Making Culture is the first in-depth examination of K-12 education makerspaces nationwide and was created as part of the ExCITe Center's Learning Innovation initiative. This report reveals the significance of cultural aspects of making (student interests, real world relevance, and community collaboration) that enable learning. The research highlights how makerspaces foster a range of positive student learning outcomes, but also reflect some of the gaps in inclusion common in the STEM (Science, Tech, Engineering, and Math) fields. The report was co-authored by Drexel School of Education researchers Dr. Kareem Edouard, Katelyn Alderfer, Professor Brian Smith and ExCITe Center Director Youngmoo Kim.
Making Culture is the product of a year-long investigation visiting 30 K-12 education makerspaces across 12 metropolitan regions map conducted through in-depth interviews with students, instructors, and leadership alongside observation and study of each space and its programs.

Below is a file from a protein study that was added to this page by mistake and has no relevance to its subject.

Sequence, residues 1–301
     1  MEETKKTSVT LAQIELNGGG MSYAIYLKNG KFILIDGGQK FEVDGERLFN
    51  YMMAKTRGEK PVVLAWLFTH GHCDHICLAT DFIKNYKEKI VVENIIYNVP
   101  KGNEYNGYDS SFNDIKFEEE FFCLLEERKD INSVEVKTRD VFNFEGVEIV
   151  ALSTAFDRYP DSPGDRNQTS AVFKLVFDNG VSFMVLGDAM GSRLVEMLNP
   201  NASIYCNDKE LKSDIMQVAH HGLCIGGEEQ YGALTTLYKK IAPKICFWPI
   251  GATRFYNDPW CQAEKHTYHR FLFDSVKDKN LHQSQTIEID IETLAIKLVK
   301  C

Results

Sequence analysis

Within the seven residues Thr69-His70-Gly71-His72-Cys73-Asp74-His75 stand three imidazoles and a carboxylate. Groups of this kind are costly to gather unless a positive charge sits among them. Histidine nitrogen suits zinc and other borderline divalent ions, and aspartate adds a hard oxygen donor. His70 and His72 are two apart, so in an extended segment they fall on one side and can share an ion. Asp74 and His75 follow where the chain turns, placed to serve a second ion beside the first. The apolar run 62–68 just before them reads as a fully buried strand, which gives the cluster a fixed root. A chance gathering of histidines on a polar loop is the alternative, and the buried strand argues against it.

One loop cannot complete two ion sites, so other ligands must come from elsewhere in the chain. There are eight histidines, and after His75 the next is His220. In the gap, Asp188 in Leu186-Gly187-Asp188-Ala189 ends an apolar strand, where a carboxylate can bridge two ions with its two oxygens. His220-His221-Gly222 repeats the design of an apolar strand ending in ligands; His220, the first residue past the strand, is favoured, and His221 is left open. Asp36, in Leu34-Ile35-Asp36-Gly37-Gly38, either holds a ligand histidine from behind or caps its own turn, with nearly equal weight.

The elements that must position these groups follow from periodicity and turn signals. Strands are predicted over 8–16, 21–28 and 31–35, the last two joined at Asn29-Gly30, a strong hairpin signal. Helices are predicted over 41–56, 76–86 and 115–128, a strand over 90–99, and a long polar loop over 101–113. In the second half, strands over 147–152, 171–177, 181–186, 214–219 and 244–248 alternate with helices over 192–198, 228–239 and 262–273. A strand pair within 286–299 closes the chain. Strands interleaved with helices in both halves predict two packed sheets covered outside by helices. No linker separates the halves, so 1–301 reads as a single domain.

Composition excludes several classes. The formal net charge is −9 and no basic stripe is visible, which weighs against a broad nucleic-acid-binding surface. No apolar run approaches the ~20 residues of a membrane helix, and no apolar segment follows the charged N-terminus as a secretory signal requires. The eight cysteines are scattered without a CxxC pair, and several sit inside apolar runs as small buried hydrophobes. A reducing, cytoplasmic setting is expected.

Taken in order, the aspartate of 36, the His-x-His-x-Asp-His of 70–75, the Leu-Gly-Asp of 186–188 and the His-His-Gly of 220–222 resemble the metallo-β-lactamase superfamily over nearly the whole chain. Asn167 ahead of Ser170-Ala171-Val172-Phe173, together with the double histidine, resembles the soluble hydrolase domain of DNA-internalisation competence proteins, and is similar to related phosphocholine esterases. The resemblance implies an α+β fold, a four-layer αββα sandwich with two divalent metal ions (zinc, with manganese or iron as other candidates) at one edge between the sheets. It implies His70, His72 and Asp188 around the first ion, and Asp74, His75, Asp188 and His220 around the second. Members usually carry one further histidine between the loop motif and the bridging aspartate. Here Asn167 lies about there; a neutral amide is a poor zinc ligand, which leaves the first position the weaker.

Among the ExCITe Center's recommendations made as a result of the report are:
- The culture of a makerspace has a direct impact on student learning. Rather than choosing equipment or specific projects, designers of new makerspaces should first consider the kind of learning culture they seek to create for their students.
- Makerspace participation can positively impact a broad range of students, including English Language Learners. But school leaders must be mindful to recruit inclusively, for both for instructors and students.
- Within school makerspaces, hosting unstructured open hours (outside of class time) encourages greater exploration, positive risk-taking, and collaboration for a wider range of students.
- Students frequently use skills learned in makerspaces to improve other aspects of the school and local community, such as student government activities, classroom maintenance, and sports facilities.
The full report includes specific recommendations for those considering or planning an education makerspace and how to create a supportive culture from the outset.